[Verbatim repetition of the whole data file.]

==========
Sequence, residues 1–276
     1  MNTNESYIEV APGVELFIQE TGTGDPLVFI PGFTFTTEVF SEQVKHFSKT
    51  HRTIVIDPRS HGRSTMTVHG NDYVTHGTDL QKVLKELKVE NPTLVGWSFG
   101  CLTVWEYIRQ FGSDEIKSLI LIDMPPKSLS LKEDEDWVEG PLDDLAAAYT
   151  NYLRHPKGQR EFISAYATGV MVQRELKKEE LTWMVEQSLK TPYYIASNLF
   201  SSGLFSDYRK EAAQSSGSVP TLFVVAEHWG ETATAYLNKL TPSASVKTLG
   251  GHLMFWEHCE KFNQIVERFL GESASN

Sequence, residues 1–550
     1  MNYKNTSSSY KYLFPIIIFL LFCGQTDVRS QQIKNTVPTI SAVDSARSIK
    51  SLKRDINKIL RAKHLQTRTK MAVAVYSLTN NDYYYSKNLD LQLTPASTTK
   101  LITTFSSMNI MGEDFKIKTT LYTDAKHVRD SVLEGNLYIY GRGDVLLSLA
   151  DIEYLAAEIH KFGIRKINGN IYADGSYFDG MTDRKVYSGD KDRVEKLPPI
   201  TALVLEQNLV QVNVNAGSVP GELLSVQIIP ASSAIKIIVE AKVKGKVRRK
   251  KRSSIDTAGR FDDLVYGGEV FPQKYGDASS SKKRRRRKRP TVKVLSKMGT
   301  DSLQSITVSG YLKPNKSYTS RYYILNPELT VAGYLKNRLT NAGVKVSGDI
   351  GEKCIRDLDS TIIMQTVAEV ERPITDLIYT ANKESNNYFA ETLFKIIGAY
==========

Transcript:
Sequence, residues 1–276
     1  MNTNESYIEV APGVELFIQE TGTGDPLVFI PGFTFTTEVF SEQVKHFSKT
    51  HRTIVIDPRS HGRSTMTVHG NDYVTHGTDL QKVLKELKVE NPTLVGWSFG
   101  CLTVWEYIRQ FGSDEIKSLI LIDMPPKSLS LKEDEDWVEG PLDDLAAAYT
   151  NYLRHPKGQR EFISAYATGV MVQRELKKEE LTWMVEQSLK TPYYIASNLF
   201  SSGLFSDYRK EAAQSSGSVP TLFVVAEHWG ETATAYLNKL TPSASVKTLG
   251  GHLMFWEHCE KFNQIVERFL GESASN

Sequence, residues 1–550
     1  MNYKNTSSSY KYLFPIIIFL LFCGQTDVRS QQIKNTVPTI SAVDSARSIK
    51  SLKRDINKIL RAKHLQTRTK MAVAVYSLTN NDYYYSKNLD LQLTPASTTK
   101  LITTFSSMNI MGEDFKIKTT LYTDAKHVRD SVLEGNLYIY GRGDVLLSLA
   151  DIEYLAAEIH KFGIRKINGN IYADGSYFDG MTDRKVYSGD KDRVEKLPPI
   201  TALVLEQNLV QVNVNAGSVP GELLSVQIIP ASSAIKIIVE AKVKGKVRRK
   251  KRSSIDTAGR FDDLVYGGEV FPQKYGDASS SKKRRRRKRP TVKVLSKMGT
   301  DSLQSITVSG YLKPNKSYTS RYYILNPELT VAGYLKNRLT NAGVKVSGDI
   351  GEKCIRDLDS TIIMQTVAEV ERPITDLIYT ANKESNNYFA ETLFKIIGAY